The NEFG provided a feminist woman-only space and, although not an uncontroversial stance amongst feminists, it was a crucial component of the Gathering. Following last year’s successful (first) NEFG, Dr Elizabeth Sharp of Texas Tech University (currently an honorary fellow at Durham University) and Dr Ruth Lewis of Northumbria University carried out a research project with a third of the women who attended NEFG12 to explore the experiences of being in a feminist women-only space, collecting data through focus groups (group interviews). They found that the NEFG space offered paradoxical conditions of feeling settled (relaxed) and unsettled (challenged) simultaneously. Feminist practices (e.g., reciprocity, respectfulness, reflexivity) and focusing on feminism at the NEFG created conditions whereby participants had in-depth intellectual and personal exchanges, experienced a high-energizing atmosphere (‘euphoric joy’) and resulted in a host of powerful outcomes, including feeling ‘cleverer’, happier, more confident, and more connected. The NEFG space allowed women to be safe from sexist comments, hostility towards feminism, and physical harm, which, in turn, allowed women to be safe to speak, to discover themselves, confront stereotypes of other feminists, ask difficult questions, and to think.
The NEFG thus provides a fabulous example of social renewal; both within the space (a safe place for women to act as full, relational, civic beings) and outside of it (in the connections made and the further activism that it inspired).
Feminist activism is a bottom up, grass-roots movement but large civic institutions, including Universities, have a role to play too. Central to this is the content of the curriculum and the focus of research. But so too is the physical visibility of women across many Universities. Women are largely invisible in civic spaces – in portraits, in statutes, in street names; we are writing women out of history and we are failing to provide examples to girls and young women to show them who they can be. For this reason, the current exhibition in the Hatton Gallery, Inspirational Women of the North East, is a real cause for celebration, and Newcastle University and the Newcastle Institute of Social Renewal are to be congratulated for supporting Professor Helen Berry’s project. However, the exhibition is only a first step. It should be followed by further initiatives: like many other Universities, throughout Newcastle University’s academic departments and public spaces across the campus photographs and portraits of women need to supplement (or even replace) the many images of men, thus giving female students other women to see, to look up to, and to strive to be like. Newcastle University may not have female chancellors and vice chancellors to display, or as many alumni, or notable (dead) judges (an example from my own School), but this is not an excuse for perpetuating in the present the exclusion and invisibility of women from public life that occurred in the past. Like the Inspirational Women of the North East project, Newcastle University – and other higher education institutions – can display images of women past and present, extraordinary ordinary women from all walks of life.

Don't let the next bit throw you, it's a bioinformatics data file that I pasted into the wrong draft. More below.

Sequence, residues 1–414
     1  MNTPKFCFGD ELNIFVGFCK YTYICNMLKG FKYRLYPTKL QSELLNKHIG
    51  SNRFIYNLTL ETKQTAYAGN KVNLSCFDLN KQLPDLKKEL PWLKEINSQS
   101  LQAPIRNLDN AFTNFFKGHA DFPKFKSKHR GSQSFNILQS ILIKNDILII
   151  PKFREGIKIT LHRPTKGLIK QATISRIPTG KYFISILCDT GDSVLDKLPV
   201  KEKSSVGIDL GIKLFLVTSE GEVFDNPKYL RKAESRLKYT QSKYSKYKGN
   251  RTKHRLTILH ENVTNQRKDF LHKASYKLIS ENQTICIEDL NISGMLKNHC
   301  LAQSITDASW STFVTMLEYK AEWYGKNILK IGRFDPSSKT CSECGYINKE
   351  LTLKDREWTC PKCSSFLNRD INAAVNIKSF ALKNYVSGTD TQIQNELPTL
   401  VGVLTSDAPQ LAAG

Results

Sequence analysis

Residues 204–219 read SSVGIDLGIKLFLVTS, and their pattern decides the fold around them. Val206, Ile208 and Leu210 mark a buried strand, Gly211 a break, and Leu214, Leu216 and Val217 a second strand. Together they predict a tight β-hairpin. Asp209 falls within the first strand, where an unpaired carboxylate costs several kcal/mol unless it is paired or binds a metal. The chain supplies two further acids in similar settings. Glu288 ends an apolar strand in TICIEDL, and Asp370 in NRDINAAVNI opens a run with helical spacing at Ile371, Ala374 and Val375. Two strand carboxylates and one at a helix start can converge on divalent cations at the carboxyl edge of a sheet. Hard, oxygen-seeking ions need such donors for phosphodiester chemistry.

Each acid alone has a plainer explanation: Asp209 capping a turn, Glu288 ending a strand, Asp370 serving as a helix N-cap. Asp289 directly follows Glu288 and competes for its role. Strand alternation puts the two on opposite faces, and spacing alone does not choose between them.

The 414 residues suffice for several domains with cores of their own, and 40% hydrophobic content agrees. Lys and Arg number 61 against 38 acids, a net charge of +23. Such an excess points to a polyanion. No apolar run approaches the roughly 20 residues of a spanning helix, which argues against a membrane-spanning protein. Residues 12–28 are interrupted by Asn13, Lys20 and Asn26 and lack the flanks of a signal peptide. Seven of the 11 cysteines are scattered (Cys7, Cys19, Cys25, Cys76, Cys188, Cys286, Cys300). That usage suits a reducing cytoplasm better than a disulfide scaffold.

So, as well as thinking about feminism in the content of our work, feminist academics should think about it in the content of space: let’s use our campus to showcase women and contribute to the vibrant feminist activity taking place in the UK – such as the North East Feminist Gathering in Newcastle – demonstrating that, as institutions, Universities too want to contribute to the social renewal of women’s lives.
This piece is posted on Newcastle Institute for Social Renewal’s website and iis reproduced here with permission and thanks.